Peter Navarro: ‘I Bet On Trump’s Intuition’ Over Science When It Comes To Treatment Of COVID-19

From Crooks and Liars (video at the link):

Peter Navarro, Trump’s Director of Trade and Manufacturing Policy, who now is identifying as a social scientist, made the rounds on television today… after it was reported that he got into a heated confrontation with Dr. Fauci in a green room over the use of hydroxychloroquine on the coronavirus.

Earlier this morning on Fox and Friends, Navarro was reciting his Kellyanne Conway-prepared alternative facts and talking points about the anti-malaria drug, when co-host Ainsley Earhardt brought up the good Dr F.

In an annoyed tone she asked, “So what does Dr. Fauci want, does he want more testing?”

What a pain in the ass that Dr. Fauci is. How dare he slow Trump’s roll after the stable genius bragged about hydroxychloroquine.

Navarro knows exactly what Dr. Fauci’s objections are to administering hydroxychloroquine without verifiable results, but Navarro just stated he will let the medical professional speak for himself.

“He takes the view that is important to have control studies, randomized studies and go through the science and come to the end and determine what’s going on,” Navarro said.

You mean like a true medical professional? Like someone whose oath is ‘first do no harm?’

Navarro brought up the fact that he was a social scientist again and how he agrees with having real testing to see if a drug is an effective treatment.

Navarro claimed that we are in a war and that Trump is a wartime president.

He said, “In the fog of war we might take more risks than we otherwise would.”

White House fight over Hydroxychloroquine

This is bad. Really bad. Fauci is on thin ice. It’s just a matter of time before Trump pushes him out since Fauci has the audacity to believe in science and facts over an impeached president and failed businessman:

The White House coronavirus task force had its biggest fight yet on Saturday, pitting economic adviser Peter Navarro against infectious disease expert Anthony Fauci. At issue: How enthusiastically should the White House tout the prospects of an antimalarial drug to fight COVID-19?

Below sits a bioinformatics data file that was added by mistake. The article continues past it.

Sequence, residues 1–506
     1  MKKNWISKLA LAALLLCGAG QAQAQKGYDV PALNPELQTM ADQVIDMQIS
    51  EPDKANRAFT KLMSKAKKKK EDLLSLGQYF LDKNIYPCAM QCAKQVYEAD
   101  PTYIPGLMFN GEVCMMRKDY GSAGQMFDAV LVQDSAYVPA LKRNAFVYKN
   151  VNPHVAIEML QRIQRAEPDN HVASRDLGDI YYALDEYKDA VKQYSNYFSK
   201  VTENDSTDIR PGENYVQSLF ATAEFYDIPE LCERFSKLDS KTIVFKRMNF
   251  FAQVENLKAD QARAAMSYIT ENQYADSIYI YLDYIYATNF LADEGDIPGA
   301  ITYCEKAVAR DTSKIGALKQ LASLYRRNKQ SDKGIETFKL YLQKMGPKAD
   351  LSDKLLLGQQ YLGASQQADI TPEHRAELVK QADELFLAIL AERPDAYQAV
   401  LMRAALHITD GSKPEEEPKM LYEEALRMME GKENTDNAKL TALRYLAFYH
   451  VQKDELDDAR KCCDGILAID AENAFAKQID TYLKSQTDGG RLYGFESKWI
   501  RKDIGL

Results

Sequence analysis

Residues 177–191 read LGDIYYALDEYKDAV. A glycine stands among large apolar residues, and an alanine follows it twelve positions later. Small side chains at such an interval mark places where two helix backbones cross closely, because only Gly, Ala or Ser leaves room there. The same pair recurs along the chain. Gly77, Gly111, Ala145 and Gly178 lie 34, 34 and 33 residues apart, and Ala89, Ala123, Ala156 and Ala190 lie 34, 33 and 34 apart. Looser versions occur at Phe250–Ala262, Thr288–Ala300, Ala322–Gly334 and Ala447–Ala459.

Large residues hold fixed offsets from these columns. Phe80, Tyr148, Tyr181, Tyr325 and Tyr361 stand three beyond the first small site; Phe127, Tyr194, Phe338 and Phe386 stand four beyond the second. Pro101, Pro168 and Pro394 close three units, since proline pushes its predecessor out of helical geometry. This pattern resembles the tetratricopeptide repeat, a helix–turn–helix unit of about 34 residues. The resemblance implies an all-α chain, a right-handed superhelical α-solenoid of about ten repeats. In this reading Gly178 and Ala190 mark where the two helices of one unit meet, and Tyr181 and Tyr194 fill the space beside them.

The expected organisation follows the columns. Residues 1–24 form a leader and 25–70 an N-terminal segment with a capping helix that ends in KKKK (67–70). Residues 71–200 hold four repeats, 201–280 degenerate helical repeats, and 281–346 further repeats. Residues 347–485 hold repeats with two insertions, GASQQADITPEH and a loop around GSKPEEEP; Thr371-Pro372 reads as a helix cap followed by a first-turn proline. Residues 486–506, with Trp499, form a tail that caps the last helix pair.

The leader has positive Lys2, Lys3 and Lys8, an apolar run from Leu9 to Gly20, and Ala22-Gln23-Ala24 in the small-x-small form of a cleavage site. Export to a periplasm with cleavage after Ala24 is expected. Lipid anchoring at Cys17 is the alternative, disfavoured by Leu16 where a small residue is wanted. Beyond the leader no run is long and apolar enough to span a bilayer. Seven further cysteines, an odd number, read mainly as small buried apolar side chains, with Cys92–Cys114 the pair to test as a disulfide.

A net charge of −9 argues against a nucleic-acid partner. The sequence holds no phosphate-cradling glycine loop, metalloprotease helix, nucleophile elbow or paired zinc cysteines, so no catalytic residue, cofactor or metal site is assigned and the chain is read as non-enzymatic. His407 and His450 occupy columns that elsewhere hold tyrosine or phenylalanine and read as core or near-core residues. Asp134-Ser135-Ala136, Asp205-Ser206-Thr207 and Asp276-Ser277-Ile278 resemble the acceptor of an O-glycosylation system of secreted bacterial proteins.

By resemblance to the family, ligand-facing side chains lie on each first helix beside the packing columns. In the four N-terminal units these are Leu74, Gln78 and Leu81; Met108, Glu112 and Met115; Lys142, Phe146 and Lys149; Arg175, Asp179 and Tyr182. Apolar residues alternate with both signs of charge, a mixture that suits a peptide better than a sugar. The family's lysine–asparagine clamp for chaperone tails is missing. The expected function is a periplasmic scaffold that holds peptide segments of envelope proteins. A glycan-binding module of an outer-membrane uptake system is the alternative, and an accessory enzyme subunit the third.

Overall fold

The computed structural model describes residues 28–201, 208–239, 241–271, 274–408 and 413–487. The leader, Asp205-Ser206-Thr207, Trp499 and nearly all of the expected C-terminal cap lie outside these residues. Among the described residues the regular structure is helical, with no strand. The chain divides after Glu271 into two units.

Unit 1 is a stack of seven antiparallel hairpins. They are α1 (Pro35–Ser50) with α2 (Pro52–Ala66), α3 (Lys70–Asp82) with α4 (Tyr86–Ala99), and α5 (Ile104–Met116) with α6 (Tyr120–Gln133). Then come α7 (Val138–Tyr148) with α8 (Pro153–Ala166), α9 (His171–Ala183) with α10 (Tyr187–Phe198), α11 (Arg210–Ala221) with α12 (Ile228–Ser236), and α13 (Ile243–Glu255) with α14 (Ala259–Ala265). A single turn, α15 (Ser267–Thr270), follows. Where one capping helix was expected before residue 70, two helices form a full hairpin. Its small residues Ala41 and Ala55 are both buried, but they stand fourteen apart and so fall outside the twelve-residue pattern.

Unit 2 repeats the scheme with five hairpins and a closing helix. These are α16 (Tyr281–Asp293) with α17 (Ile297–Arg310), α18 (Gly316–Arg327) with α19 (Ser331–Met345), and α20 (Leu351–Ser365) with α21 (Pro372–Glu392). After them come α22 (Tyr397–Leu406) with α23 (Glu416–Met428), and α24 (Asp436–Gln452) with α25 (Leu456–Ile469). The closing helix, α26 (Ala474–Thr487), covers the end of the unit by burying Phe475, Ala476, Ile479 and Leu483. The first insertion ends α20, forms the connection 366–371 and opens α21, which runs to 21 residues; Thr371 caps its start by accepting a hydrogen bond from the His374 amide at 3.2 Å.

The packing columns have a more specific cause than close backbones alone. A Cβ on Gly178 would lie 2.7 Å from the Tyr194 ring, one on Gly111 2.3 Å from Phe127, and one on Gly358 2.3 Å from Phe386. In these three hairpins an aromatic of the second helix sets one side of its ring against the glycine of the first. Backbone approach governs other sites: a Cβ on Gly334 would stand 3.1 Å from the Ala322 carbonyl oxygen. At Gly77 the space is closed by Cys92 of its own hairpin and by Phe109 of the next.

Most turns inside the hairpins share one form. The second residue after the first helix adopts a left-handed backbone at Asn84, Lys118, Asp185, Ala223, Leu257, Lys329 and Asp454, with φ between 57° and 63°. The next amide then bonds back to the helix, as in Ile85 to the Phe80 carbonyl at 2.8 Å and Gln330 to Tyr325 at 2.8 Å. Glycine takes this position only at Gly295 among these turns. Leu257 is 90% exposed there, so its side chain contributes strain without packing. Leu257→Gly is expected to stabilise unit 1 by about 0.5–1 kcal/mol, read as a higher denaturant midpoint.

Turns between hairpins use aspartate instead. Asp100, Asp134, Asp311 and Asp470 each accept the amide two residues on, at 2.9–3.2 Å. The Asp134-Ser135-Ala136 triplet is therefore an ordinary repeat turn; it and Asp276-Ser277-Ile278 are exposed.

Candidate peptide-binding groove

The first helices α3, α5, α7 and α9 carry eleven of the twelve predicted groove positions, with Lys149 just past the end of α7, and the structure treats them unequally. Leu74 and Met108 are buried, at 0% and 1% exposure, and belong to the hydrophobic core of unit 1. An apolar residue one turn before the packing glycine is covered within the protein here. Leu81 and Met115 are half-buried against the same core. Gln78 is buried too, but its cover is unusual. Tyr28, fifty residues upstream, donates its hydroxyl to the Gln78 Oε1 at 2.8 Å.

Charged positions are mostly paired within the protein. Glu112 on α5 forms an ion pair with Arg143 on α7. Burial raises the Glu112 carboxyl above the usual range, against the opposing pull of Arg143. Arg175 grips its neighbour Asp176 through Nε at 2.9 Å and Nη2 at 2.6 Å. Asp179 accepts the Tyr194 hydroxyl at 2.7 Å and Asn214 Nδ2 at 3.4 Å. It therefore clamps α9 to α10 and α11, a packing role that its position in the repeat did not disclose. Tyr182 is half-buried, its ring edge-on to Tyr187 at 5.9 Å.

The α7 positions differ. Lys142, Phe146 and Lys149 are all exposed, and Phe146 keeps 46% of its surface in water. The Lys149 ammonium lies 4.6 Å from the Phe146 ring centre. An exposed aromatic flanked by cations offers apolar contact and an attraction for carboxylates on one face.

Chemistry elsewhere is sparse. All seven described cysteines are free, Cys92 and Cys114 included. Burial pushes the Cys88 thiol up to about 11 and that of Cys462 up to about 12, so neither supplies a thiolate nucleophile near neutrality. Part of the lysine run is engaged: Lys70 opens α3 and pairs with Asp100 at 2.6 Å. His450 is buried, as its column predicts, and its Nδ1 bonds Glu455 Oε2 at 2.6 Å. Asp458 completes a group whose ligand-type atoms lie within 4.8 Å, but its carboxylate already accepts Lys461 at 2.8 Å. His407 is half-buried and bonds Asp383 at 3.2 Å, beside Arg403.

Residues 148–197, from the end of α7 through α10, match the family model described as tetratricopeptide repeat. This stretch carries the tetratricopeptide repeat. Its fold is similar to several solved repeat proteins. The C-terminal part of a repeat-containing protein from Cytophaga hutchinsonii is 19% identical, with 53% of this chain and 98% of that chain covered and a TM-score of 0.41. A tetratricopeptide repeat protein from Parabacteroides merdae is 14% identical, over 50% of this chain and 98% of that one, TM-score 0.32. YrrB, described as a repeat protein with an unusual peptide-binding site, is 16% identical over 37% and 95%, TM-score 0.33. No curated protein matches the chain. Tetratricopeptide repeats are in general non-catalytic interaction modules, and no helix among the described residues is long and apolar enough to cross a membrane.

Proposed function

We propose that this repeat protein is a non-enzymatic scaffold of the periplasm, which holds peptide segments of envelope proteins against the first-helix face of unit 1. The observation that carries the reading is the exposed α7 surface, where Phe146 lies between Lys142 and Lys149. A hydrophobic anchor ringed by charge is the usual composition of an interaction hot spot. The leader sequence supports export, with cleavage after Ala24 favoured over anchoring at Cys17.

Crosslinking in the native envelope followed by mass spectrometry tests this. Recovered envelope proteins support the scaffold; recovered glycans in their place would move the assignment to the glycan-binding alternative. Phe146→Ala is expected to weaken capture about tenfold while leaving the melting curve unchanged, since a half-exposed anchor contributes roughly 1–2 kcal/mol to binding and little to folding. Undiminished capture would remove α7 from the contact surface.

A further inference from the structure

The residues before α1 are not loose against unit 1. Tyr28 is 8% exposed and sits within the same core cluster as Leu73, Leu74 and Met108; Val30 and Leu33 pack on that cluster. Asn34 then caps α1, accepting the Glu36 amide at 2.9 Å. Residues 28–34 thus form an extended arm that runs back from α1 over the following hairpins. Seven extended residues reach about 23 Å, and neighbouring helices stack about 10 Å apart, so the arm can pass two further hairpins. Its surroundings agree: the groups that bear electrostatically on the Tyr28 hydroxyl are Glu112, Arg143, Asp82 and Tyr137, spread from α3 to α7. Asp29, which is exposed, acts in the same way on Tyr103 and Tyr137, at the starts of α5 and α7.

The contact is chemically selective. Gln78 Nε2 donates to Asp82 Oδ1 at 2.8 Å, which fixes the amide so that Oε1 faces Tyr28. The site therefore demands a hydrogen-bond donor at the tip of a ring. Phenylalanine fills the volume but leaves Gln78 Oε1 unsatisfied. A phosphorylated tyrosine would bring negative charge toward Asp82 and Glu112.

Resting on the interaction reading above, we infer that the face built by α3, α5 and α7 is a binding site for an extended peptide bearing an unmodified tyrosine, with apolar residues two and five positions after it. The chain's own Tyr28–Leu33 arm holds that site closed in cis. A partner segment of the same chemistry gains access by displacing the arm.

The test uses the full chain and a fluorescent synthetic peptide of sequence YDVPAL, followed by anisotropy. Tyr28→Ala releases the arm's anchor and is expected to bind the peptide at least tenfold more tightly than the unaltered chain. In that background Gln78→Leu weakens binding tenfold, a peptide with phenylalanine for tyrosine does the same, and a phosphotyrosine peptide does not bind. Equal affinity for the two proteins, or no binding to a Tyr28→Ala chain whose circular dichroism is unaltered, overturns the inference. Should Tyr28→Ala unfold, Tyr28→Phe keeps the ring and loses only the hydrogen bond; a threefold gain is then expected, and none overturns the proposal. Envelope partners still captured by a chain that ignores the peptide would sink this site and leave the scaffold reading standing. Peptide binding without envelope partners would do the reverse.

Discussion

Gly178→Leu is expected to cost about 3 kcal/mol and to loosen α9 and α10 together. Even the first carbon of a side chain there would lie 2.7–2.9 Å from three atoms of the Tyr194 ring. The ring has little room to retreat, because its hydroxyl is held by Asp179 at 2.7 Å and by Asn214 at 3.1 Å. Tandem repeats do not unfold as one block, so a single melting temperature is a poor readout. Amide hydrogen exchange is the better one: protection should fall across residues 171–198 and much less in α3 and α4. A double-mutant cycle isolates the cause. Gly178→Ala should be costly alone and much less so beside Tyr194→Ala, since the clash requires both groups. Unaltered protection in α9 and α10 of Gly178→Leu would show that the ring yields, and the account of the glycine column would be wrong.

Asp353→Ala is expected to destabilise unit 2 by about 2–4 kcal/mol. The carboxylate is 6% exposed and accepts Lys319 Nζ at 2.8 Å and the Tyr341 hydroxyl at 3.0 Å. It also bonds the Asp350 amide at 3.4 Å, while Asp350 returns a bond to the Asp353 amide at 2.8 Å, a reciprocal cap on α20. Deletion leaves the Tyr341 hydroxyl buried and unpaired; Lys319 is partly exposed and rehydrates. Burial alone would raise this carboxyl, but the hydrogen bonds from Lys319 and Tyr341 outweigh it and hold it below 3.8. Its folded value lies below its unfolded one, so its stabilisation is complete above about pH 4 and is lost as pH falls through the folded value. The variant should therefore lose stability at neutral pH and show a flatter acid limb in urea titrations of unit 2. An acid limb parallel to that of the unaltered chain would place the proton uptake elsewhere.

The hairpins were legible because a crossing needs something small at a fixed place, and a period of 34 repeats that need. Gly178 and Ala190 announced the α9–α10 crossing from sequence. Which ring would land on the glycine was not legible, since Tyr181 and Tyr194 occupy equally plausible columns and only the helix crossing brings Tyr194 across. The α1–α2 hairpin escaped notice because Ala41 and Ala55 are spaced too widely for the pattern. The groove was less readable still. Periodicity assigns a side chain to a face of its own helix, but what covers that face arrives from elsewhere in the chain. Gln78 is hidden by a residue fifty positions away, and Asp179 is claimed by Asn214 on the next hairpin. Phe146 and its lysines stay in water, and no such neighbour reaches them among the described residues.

Behind the scenes: This drama erupted into an epic Situation Room showdown. Trump’s coronavirus task force gathered in the White House Situation Room on Saturday at about 1:30pm, according to four sources familiar with the conversation. Vice President Mike Pence sat at the head of the table.

Numerous government officials were at the table, including Fauci, coronavirus response coordinator Deborah Birx, Jared Kushner, acting Homeland Security Secretary Chad Wolf, and Commissioner of Food and Drugs Stephen Hahn.
Behind them sat staff, including Peter Navarro, tapped by Trump to compel private companies to meet the government’s coronavirus needs under the Defense Production Act.

Toward the end of the meeting, Hahn began a discussion of the malaria drug hydroxychloroquine, which Trump believes could be a “game-changer” against the coronavirus.

Hahn gave an update about the drug and what he was seeing in different trials and real-world results.
Then Navarro got up. He brought over a stack of folders and dropped them on the table. People started passing them around.
“And the first words out of his mouth are that the studies that he’s seen, I believe they’re mostly overseas, show ‘clear therapeutic efficacy,'” said a source familiar with the conversation. “Those are the exact words out of his mouth.”

Navarro’s comments set off a heated exchange about how the Trump administration and the president ought to talk about the malaria drug, which Fauci and other public health officials stress is unproven to combat COVID-19.

Fauci pushed back against Navarro, saying that there was only anecdotal evidence that hydroxychloroquine works against the coronavirus.
Researchers have said studies out of France and China are inadequate because they did not include control groups.
Fauci and others have said much more data is needed to prove that hydroxychloroquine is effective against the coronavirus.
As part of his role, Navarro has been trying to source hydroxychloroquine from around the world. He’s also been trying to ensure that there are enough domestic production capabilities inside the U.S.